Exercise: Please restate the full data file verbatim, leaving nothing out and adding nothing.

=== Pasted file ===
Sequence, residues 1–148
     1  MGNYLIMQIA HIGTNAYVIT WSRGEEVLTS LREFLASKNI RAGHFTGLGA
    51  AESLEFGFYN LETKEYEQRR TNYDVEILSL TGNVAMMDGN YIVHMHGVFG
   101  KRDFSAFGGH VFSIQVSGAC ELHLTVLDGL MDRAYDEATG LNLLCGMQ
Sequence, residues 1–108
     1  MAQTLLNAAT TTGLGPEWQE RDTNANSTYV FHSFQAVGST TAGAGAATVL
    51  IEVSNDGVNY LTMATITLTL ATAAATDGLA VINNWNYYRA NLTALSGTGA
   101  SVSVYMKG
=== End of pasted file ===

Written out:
Sequence, residues 1–148
     1  MGNYLIMQIA HIGTNAYVIT WSRGEEVLTS LREFLASKNI RAGHFTGLGA
    51  AESLEFGFYN LETKEYEQRR TNYDVEILSL TGNVAMMDGN YIVHMHGVFG
   101  KRDFSAFGGH VFSIQVSGAC ELHLTVLDGL MDRAYDEATG LNLLCGMQ
Sequence, residues 1–108
     1  MAQTLLNAAT TTGLGPEWQE RDTNANSTYV FHSFQAVGST TAGAGAATVL
    51  IEVSNDGVNY LTMATITLTL ATAAATDGLA VINNWNYYRA NLTALSGTGA
   101  SVSVYMKG